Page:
143\label{sec:AlgorithmCategoryAndTheEncryptionTypeAttribute}
     144
     145In the CrypTool 2 user interface plugins are grouped by their algorithm category, for example hash, encryption, and so on. To set the category, your plugin must inherit from a specific interface, like \textit{IHash} or \textit{IEncryption}. Some categories require the specification of a subcategory, which is entered as an attribute\footnote{The current category system is less than ideal and will be changed in future; see trac ticket \#50.}. In our example, Caesar inherits from \textit{IEncryption}.
    143146
    144147\begin{lstlisting}
     
    147150                {
    148151\end{lstlisting}
     152\clearpage
    149153
    150154The possible values of the \textit{[EncryptionType]} attribute are as follows:
     
    217221\label{sec:AddingControlsToTheCaesarSettingsClass}
    218222
    219 The settings class contains the necessary information about controls, captions, descriptions and default parameters (e.g.\ for key settings, alphabets, key length and type of action) to build the settings \textbf{TaskPane} in the CrypTool application. The settings class is used to populate the TaskPane in the CrypTool 2 application so that the user can modify the plugin settings at will. Thus we will need to implement some controls, such as buttons and text boxes, to allow for the necessary interaction. If you will be implementing an algorithm that does not have any user-defined settings (i.e.\ a hash function), then this class can be left mostly empty. In Appendix \ref{app:CaesarSettings} there is a full example of what a completed TaskPane and the corresponding source code for the existing Caesar plugin in CrypTool 2 looks like. You can also look at the source code of other CrypTool 2 plugins for examples of how to create the TaskPane backend.
     223The settings class contains the necessary information about controls, captions, descriptions, and default parameters (for key settings, alphabets, key length, type of action, etc.) to build the settings \textbf{TaskPane} in the CrypTool application. The settings class is used to populate the TaskPane in the CrypTool 2 application so that the user can modify the plugin settings at will. Therefore, we must implement some controls, such as buttons and text boxes, to allow for the necessary interaction. If you will be implementing an algorithm that does not have any user-defined settings (such as a hash function), then this class can be left mostly empty. In Appendix \ref{app:CaesarSettings} there is a full example of what a completed TaskPane and the corresponding source code for the existing Caesar plugin in CrypTool 2 looks like. You can also look at the source code of other CrypTool 2 plugins for examples of how to create the TaskPane backend.
     224\clearpage
    220225
    221226\section{Adding an icon to the Caesar class}
    222227\label{sec:AddingAnIconToTheCaesarClass}
    223228
    224 Before we go back to the code of the Caesar class, we add a custom icon to our project, which will be shown in the CrypTool 2 \textbf{ribbon bar} and \textbf{navigation pane}. The template has a default icon set, so you don't need to create a custom own.
    225 
    226 The proper image size is 40x40 pixels, but since the image will be rescaled if necessary, any size is technically acceptable. Once you have saved your icon, you should add it directly to the project or to a subdirectory with it. In the project solution, we created a new folder named \textit{Images}. This can be done by right-clicking on the project item (\textit{Caesar} in our example) and selecting \textit{Add $\rightarrow$ New Folder}. The icon can be added to this folder (or to the project directly, or to any other subdirectory) by right-clicking on the folder and selecting \textit{Add $\rightarrow$ Existing Item}.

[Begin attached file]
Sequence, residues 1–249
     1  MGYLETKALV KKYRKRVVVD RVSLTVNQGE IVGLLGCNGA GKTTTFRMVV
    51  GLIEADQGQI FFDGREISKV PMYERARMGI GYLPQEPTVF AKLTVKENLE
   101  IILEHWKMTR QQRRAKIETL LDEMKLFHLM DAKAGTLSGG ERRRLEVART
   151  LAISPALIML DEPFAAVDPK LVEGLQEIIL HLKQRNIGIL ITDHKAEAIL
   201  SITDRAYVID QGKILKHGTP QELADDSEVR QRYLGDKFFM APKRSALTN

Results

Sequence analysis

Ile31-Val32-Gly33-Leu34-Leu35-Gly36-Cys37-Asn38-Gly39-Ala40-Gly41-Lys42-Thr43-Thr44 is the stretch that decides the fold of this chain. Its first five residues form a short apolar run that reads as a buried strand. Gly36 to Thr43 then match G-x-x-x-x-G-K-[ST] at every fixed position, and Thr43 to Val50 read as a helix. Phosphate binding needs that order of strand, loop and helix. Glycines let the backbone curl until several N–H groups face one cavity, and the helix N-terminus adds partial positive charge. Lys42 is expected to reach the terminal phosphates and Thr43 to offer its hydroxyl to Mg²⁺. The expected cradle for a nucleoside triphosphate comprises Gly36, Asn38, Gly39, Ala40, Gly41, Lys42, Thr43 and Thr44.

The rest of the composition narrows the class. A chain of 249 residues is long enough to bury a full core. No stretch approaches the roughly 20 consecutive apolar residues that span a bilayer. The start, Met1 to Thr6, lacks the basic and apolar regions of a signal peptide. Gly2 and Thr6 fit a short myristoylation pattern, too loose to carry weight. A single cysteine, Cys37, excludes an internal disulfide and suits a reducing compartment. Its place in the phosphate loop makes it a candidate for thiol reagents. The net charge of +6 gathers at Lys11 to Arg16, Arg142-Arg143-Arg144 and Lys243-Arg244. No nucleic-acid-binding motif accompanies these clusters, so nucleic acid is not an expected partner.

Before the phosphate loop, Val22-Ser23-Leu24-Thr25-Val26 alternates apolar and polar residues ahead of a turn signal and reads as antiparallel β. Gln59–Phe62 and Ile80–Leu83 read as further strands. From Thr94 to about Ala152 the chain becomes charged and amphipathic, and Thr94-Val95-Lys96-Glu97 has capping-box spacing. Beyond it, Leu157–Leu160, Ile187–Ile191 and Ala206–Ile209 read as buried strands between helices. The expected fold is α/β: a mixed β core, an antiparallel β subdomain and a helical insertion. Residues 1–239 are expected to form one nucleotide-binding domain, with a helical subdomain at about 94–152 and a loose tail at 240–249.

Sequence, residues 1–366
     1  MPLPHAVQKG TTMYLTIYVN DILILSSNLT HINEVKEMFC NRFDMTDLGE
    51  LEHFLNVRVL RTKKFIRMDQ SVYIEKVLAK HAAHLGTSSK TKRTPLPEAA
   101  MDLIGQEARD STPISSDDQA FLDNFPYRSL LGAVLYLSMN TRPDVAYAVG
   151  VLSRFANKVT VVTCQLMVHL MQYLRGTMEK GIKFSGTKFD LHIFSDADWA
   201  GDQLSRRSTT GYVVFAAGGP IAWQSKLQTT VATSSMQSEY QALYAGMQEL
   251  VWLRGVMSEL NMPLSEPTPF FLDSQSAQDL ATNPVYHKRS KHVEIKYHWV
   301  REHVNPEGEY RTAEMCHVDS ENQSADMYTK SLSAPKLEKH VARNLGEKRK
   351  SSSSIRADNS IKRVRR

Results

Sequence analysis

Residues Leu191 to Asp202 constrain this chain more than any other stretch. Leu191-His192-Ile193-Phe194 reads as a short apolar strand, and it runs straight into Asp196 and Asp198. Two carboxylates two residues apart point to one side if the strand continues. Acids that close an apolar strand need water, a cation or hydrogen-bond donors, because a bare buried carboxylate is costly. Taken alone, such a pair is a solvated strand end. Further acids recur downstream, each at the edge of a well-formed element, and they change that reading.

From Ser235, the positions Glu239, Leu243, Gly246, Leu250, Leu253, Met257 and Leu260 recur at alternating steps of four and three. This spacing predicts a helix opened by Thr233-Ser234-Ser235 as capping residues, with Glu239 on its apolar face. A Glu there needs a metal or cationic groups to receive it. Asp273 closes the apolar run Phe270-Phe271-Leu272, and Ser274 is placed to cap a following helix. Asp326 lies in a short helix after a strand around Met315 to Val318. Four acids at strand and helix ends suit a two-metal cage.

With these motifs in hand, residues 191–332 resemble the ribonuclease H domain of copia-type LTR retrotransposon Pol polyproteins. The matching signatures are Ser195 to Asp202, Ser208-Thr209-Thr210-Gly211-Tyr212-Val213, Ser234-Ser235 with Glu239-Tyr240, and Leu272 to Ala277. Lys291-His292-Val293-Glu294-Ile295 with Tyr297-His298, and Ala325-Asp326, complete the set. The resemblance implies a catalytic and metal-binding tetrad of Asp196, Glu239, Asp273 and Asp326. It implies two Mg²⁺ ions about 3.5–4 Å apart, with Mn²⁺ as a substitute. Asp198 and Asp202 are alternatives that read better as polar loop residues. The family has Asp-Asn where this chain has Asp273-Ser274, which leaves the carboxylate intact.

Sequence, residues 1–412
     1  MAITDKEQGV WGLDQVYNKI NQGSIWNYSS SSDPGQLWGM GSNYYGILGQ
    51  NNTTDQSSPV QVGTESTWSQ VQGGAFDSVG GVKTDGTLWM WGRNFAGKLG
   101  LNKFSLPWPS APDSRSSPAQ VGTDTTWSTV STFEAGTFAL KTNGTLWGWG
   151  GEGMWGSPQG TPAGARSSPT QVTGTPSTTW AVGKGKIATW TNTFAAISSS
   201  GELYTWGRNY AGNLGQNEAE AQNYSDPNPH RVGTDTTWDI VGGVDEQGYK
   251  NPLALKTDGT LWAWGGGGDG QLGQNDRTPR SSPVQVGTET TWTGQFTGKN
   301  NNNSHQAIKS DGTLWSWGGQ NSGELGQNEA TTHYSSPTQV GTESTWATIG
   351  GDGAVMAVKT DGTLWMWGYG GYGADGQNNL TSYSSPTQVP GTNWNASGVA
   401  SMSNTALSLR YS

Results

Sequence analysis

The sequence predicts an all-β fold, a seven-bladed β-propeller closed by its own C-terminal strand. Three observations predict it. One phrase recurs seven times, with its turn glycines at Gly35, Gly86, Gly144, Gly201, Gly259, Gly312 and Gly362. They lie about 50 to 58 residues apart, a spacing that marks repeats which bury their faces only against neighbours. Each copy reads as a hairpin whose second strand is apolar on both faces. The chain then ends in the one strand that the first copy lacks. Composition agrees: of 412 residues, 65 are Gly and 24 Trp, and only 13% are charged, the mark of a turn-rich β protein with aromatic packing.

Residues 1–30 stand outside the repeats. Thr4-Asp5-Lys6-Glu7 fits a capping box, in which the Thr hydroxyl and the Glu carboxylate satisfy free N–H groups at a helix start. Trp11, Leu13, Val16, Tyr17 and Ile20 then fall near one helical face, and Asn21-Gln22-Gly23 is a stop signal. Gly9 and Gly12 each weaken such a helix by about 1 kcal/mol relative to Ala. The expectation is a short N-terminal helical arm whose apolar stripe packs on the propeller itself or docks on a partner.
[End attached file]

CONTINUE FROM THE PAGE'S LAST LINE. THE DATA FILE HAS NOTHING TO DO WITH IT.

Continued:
229Before we go back to the code of the Caesar class, we need to add a custom icon to our project to be shown in the CrypTool 2 \textbf{ribbon bar} and \textbf{navigation pane}. The template has a default icon set, so you don't need to create your own custom set.
     230
     231The proper image size is 40x40 pixels, but since the image will be rescaled if necessary, any size is technically acceptable. Once you have saved your icon, you should add it directly to the project or to a subdirectory with it. In the project solution, create a new folder named \textit{Images}. This can be done by right-clicking on the project item (\textit{Caesar} in our example) and selecting \textit{Add $\rightarrow$ New Folder}. The icon can be added to this folder (or to the project directly, or to any other subdirectory) by right-clicking on the folder and selecting \textit{Add $\rightarrow$ Existing Item}.
    227232
    228233\begin{figure}[h!]
     
    264269
    265270\section{Input and output dockpoints}
     271\label{sec:InputAndOutputDockpoints}
    266272
    267273\subsection{The input/output attributes}
     
    419425
    420426\section{Implementing the actual algorithm}
     427\label{sec:ImplementingTheActualAlgorithm}
    421428
    422429Algorithmic processing should be done in the \textit{Execute()} function. The actual functionality of your algorithm, as well as the structure thereof, is up to you. Below is our implementation of the Caesar algorithmic processing and the \textit{Execute()} function:
     
    561568
    562569\subsection{Performing a clean dispose}
     570\label{sec:PerformingACleanDispose}
    563571
    564572Be sure you have closed and cleaned all your streams after execution before CrypTool 2 decides to dispose the plugin instance. There has been some misunderstanding about the meaning of \textit{Dispose()}. Dispose will be called ultimately before object destruction. After disposal, the object will be in an undefined state.
     
    587595\end{figure}
    588596
    589 As your last step of development, once your plugin runs smoothly, you should also create one of these sample workflow files for your plugin. You should store the workflow file in the \texttt{ProjectSamples\textbackslash} folder and make sure to commit the file to the SVN repository (see Section \ref{CommitingYourChanges}).
     597As your last step of development, once your plugin runs smoothly, you should also create one of these sample workflow files for your plugin. Such a file can be automatically created by simply saving a CrypTool 2 workspace project featuring your plugin. You should store the workflow file in the \texttt{ProjectSamples\textbackslash} folder and make sure to commit the file to the SVN repository (see Section \ref{CommitingYourChanges}).